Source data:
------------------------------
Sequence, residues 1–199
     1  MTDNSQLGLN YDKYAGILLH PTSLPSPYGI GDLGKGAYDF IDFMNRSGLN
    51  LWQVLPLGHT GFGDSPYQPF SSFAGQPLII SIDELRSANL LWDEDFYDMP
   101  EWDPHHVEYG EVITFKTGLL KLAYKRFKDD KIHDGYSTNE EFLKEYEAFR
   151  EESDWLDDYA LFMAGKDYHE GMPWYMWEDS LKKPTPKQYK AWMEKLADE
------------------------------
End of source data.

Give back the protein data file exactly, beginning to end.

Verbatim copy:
Sequence, residues 1–199
     1  MTDNSQLGLN YDKYAGILLH PTSLPSPYGI GDLGKGAYDF IDFMNRSGLN
    51  LWQVLPLGHT GFGDSPYQPF SSFAGQPLII SIDELRSANL LWDEDFYDMP
   101  EWDPHHVEYG EVITFKTGLL KLAYKRFKDD KIHDGYSTNE EFLKEYEAFR
   151  EESDWLDDYA LFMAGKDYHE GMPWYMWEDS LKKPTPKQYK AWMEKLADE